“What the team achieved today in recovering Electron’s first stage is no mean feat. It took a monumental effort from many teams across Rocket Lab, and it’s exciting to see that work pay off in a major step towards making Electron a reusable rocket,” said Beck.

We’ll update this post with further developments. You can watch a replay of the launch below.

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SpaceX and NASA successfully launch four astronauts to space for first operational Dragon crew mission

SpaceX has become the first private company to launch astronauts to the International Space Station, marking the culmination of years of work in partnership with NASA on developing human spaceflight capabilities. At 7:27 PM EST (4:27 PM PST), NASA astronauts Shannon Walker, Victor Glover, and Michael Hopkins, and JAXA astronaut Soichi Noguchi left launch pad 39-A at Kennedy Space Center in Florida bound for the ISS.

SpaceX’s human launch program was developed under the Commercial Crew program, which saw NASA select two private companies to build astronaut launch systems for carrying astronauts to the ISS from U.S. soil. SpaceX was chosen alongside Boeing by NASA in 2014 to create their respective systems, and SpaceX’s Dragon capsule and Falcon 9 rocket became the first to achieve actual human flight certification from NASA earlier this year with the successful completion of its final, Demo-2 test mission, which flew to the ISS with two U.S. astronauts on board.

To get to this point, SpaceX had to complete a number of milestones successfully, including a fully automated uncrewed ISS rendez-vous mission, and a demonstration of both a launch pad abort and post-launch abort emergency safety system for the protection of the crew. During the Demo-1 mission, while all actual launch, docking and landing was handled by SpaceX’s fully autonomous software and navigation, astronauts also took over manual control briefly to demonstrate that this human-piloted backup would operate as intended, if required.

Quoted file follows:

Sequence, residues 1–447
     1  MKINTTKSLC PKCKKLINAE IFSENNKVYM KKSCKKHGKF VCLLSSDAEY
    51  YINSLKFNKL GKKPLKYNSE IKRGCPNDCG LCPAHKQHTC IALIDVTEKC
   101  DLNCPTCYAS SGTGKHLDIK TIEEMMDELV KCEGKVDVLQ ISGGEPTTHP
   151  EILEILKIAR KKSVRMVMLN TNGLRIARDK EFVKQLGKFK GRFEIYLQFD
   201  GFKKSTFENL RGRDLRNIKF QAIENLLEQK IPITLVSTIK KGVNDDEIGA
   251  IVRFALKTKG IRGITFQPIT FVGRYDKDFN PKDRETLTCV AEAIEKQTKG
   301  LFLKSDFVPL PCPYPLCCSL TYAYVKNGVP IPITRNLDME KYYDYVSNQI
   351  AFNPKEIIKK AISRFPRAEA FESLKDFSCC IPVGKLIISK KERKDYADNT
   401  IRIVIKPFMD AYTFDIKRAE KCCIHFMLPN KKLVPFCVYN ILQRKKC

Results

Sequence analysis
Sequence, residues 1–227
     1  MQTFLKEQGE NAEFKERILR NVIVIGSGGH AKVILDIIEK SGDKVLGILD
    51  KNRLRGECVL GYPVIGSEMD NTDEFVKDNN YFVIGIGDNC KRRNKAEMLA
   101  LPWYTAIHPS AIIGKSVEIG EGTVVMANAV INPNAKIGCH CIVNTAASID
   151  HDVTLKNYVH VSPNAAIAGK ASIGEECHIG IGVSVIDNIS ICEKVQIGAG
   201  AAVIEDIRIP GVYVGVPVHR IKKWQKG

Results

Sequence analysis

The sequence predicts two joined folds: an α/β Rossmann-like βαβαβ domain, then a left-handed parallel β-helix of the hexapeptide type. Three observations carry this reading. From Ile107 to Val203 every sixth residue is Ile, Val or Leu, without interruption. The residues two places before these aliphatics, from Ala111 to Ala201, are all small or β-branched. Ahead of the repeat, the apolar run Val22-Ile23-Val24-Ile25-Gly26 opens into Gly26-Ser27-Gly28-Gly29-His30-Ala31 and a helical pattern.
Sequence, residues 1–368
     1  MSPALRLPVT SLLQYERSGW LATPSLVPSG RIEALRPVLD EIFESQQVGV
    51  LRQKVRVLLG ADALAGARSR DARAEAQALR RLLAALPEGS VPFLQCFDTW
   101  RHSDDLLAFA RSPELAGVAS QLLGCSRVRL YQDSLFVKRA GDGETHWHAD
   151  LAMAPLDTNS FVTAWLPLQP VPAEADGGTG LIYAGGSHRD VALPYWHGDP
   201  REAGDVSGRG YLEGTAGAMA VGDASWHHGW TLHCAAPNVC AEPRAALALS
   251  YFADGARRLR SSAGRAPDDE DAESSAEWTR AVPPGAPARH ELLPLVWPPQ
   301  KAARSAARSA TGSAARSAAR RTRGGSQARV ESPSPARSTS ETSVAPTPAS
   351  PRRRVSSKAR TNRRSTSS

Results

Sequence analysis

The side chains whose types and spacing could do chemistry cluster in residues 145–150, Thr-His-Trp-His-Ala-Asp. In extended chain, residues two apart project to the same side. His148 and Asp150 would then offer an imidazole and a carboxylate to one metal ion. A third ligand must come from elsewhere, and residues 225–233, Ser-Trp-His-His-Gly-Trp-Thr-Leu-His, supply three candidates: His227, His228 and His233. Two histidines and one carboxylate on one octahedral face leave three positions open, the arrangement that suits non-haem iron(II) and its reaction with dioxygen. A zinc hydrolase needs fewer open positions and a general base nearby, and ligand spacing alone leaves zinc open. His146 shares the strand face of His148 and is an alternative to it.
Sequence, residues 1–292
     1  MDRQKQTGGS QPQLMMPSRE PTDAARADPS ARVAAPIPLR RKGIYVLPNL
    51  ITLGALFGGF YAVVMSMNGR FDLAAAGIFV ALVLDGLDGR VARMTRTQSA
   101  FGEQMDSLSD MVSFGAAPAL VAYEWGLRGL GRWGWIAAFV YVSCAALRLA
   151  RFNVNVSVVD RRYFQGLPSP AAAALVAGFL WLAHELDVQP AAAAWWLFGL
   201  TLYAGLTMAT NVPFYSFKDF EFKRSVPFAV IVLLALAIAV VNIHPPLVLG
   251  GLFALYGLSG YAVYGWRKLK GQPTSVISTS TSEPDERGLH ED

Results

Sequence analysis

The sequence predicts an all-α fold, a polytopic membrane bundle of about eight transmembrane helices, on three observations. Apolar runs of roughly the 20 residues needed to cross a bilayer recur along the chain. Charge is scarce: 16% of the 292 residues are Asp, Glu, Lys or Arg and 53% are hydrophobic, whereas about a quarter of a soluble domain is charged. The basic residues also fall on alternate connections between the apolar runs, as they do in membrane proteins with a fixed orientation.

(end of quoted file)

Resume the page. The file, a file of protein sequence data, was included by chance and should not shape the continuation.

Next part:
So far, Crew-1 is proceeding as expected, with a picture-perfect takeoff from Florida, and a successful recovery of the first-stage booster used on the Falcon 9 rocket used to launch Dragon. Crew Dragon ‘Resilience’ also departed from the second-stage of the Falcon 9 as planned at just after 10 minutes after liftoff, and there will be a 27 hour trip in orbit before the Dragon meets up with the ISS for its docking, which is scheduled to take place at around 11 PM EST (8 PM PST) on Monday night. Once fully docked, the astronauts will disembark and go over to the station to begin their active duty stay, which is set to last until next June.

From left, the crew of Crew-1: NASA’s Shannon Walker, Victor Glover and Michael Hopkins; JAXA’s Soichi Noguchi Image Credits: SpaceX

Three of the four astronauts on this mission have been to space previously, but for pilot Victor Glover, it’s his first time. These four will join NASA’s Kate Rubins, and Roscosmos cosmonauts Sergey Ryzhikov and Sergey Kud-Sverchkov on the station, bringing the total staff complement to seven (an increase from its usual six that NASA says will free up more time for the astronauts to perform experiments, as opposed to their tasks related to regular daily maintenance of the station).

This is the first time that astronauts have launched to space during a regular operational NASA mission since the end of the Shuttle program in 2011. It marks an official return of U.S. human spaceflight capabilities, and should hopefully become the first in many human flight missions undertaken by SpaceX and Dragon – across both NASA flights, and those organized by commercial customers.

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Watch SpaceX launch its historic first NASA astronaut crew mission live